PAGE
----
Tool Box Safety Talk No 5

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					                  Tool Box Safety Talk No. 5
                                                                         September 2002

                     Heat & Sun Related Illness
On hot summer days roofers are exposed to health risks from the harmful affects of
both the sun and the high temperatures experienced at roof level. Roofers must protect
themselves from the harmful effects of the sun’s ultraviolet (UV) and infrared radiation.
When the body overheats while doing hard physical work in temperatures exceeding 21
C, heat stroke, heat cramps, heat rash and heat exhaustion can occur. Wearing light
coloured clothing and a hat, as well as drinking plenty of fluids such as water and juice
will reduce the risk of suffering from these health issues. Take frequent breaks in the
shade on hot summer days.

Heat Exhaustion

Heat exhaustion is the most common type of heat related illness. Symptoms may
include fatigue, nausea, giddiness or headache. Cool clammy skin, extreme thirst or
fainting may be the first signs of heat exhaustion. Prevention requires that workers
drink plenty of fluids, avoid overexertion and monitor their body temperature. Treatment
should include moving the affected worker to a cooler place (air-conditioned) and have
them drink fluids. Avoid administering caffeinated drinks, such as cola of coffee, as they
dehydrate the body. Symptoms should lessen after approximately thirty (30) minutes of
treatment and the victim should feel better. Seek medical assistance if symptoms are
severe as heat exhaustion can develop into heat stroke.

Heat Cramps

Symptoms for heat cramps are painful muscle spasms that occur during or after
strenuous activities and maybe experienced as an acute abdominal problem.
Prevention requires the consumption of plenty of fluids such as water or juice at regular
intervals, as well as acclimatizing oneself to the work conditions. Treatment should
include laying the victim down away from the heat and loosening their clothing.
Recovery should take place in a short period of time. If camping is severe or long
lasting, seek medical assistance.

Heat Rash or Prickly Heat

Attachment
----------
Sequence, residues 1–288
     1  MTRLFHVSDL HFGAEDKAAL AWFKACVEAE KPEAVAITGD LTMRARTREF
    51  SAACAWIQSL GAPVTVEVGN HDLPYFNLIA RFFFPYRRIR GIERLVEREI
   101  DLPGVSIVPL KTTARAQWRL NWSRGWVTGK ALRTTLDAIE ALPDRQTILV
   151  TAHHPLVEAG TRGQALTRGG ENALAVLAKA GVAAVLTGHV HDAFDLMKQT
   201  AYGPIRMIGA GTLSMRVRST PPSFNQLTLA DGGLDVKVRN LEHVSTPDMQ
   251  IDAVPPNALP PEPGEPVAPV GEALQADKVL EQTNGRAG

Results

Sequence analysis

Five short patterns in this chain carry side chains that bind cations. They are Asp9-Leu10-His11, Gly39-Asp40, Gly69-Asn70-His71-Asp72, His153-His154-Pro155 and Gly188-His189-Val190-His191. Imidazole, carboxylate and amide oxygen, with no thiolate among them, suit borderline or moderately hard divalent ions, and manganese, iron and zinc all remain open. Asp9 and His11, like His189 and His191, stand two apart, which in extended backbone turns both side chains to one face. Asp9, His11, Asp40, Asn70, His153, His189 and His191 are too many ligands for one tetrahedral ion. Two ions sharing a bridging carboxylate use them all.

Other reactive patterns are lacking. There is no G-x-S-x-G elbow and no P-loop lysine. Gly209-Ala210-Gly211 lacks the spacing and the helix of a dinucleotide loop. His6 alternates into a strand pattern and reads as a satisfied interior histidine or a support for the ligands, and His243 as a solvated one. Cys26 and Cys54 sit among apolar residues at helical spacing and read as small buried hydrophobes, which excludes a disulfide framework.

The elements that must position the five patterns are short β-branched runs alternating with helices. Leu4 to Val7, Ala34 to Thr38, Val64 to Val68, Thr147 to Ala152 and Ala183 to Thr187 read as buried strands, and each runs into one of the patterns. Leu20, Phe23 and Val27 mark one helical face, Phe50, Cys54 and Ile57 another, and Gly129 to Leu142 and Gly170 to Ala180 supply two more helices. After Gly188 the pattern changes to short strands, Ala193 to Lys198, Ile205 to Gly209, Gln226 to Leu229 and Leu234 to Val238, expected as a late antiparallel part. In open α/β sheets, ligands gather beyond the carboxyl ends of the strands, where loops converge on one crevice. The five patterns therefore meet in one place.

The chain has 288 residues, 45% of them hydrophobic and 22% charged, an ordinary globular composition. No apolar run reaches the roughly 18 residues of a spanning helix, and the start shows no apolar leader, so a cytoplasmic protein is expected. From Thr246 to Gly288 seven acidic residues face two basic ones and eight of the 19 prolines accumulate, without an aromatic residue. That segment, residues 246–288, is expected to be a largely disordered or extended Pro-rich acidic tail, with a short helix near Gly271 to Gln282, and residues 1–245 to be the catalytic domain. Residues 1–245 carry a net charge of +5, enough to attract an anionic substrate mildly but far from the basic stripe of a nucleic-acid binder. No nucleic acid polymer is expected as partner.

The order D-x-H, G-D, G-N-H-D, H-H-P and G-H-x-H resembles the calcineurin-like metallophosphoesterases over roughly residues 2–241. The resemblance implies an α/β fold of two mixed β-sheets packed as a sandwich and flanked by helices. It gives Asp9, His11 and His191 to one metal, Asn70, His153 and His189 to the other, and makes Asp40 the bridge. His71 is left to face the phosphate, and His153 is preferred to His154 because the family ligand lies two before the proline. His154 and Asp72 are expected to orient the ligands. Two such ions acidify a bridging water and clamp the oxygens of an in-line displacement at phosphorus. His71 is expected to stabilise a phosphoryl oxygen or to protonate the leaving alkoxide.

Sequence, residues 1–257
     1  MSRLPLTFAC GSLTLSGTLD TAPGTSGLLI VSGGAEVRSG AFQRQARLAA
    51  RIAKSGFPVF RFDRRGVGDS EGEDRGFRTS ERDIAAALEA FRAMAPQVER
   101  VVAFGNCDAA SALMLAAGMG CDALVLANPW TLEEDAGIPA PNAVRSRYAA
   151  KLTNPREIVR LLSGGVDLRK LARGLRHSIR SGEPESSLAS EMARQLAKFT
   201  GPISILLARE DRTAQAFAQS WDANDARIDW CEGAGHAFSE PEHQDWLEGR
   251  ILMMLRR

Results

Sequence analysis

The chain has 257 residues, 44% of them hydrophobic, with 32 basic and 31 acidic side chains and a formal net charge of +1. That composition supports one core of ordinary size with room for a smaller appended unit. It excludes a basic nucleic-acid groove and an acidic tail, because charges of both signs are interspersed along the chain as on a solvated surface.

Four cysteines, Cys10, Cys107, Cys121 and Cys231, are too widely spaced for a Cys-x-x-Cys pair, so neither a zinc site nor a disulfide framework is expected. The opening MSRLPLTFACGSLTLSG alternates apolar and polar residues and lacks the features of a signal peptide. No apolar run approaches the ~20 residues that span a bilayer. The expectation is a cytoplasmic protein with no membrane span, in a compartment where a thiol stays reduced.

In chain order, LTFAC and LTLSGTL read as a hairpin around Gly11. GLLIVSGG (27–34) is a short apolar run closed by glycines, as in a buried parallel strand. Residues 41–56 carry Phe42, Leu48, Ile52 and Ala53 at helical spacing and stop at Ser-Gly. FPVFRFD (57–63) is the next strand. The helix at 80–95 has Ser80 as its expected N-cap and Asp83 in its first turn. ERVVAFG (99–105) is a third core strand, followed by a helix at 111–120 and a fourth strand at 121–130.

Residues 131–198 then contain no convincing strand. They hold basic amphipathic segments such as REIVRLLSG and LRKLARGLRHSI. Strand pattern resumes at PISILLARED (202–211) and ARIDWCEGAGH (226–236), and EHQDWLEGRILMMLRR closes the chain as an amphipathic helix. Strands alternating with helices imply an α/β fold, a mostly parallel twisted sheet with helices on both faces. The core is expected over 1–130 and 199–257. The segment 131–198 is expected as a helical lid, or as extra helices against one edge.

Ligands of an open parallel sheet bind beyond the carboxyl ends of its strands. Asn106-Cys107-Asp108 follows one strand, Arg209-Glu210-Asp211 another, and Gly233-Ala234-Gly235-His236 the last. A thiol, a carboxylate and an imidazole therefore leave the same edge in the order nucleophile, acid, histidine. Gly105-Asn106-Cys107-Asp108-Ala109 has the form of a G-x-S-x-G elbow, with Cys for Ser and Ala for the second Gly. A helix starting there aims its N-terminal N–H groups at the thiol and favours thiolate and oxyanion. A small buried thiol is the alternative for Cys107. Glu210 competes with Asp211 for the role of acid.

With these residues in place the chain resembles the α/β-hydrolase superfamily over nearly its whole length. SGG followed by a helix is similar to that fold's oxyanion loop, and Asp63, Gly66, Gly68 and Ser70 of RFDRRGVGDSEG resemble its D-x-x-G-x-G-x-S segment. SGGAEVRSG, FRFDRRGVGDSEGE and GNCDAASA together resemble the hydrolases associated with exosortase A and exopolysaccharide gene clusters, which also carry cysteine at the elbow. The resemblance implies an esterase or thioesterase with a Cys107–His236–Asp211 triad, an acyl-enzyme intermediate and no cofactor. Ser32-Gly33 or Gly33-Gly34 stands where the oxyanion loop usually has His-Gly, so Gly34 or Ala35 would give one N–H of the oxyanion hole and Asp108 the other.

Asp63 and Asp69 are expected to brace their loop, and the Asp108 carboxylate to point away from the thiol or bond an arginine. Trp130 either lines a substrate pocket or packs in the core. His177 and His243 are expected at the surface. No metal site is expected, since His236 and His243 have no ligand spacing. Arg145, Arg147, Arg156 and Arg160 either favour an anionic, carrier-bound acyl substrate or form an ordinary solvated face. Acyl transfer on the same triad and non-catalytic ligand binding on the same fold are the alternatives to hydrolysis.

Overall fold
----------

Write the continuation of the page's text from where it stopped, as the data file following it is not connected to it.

Heat rash symptoms may be small raised blisters, reduced sweat production or
inflamed sweat glands and itchy or prickly skin. Prevention requires that your clothing
and skin remain dry. Moisture wicking clothing is a good choice. Treatment consists of
keeping the skin cool and dry, limiting further exposure and by resting in a cool location.
The application of a mild drying lotion may reduce irritation. Allow the skin to dry
between heat exposures by sleeping in cool (air-conditioned) rooms. If heat rash is
severe, seek medical attention.
Heat Stroke

Heat stoke is the least common heat related illness. Heat stroke can result in brain
damage or even death if left untreated. Prevention requires the monitoring and
maintaining of body temperature at safe levels. Heat stroke has many symptoms that

·   Core body temperature greater than 40.5 C
·   Weakness, drowsiness or loss of consciousness
·   Lack of sweating, dry hot skin, may be mottled with a red or blue tinge
·   Numbness
·   Dilated pupils
·   Decreased muscular activity or loss of coordination
·   Erratic behavior or mental alertness

Treatment requires that the victim be cooled off immediately. Cooling should include
removal of clothing and the wrapping or covering of the victim with wet clean cloths or
towels. Heat stroke is a medical emergency and treatment requires hospitalization, call
911 for transportation to the hospital as quickly as possible.


Sunburn is the effect of ultraviolet (UV) radiation on the skin and roofers working out of
doors are sunburn candidates. Over exposure to UV radiation can cause skin cancer.
To assist in determining the risk of sunburn, weather reports include a UV index. Skin
can sunburn in only fifteen minutes when the UV index is higher than seven (7). The
highest levels of UV are normally experienced between noon and three (3) PM each
day. Sunburn symptoms include skin reddening and in severe case blistering is
observed. Typically sweat does not evaporate from sunburned skin. Prevention
requires that workers keep their skin covered with cool light coloured clothing and
requires frequent application of sunscreen or sun block lotions to protect exposed body
parts. Remember for continuous protection during the workday, frequent re-application
of sunscreen lotions is required, as they wear off. Sunburn treatment should include
covering the damaged skin with a lotion to reduce swelling and inflammation. Do not
break blisters that have formed. When sunburn is severe the worker should stay out of
the sun, cover the damaged skin area and seek medical attention.

Tinted safety glasses with UV protection will protect the eyes from UV radiation as
cataracts and other eye damage can occur. Remember that sunlight exposure does not
have to be direct, as light can be reflected off light coloured surfaces associated with
roofing membranes.


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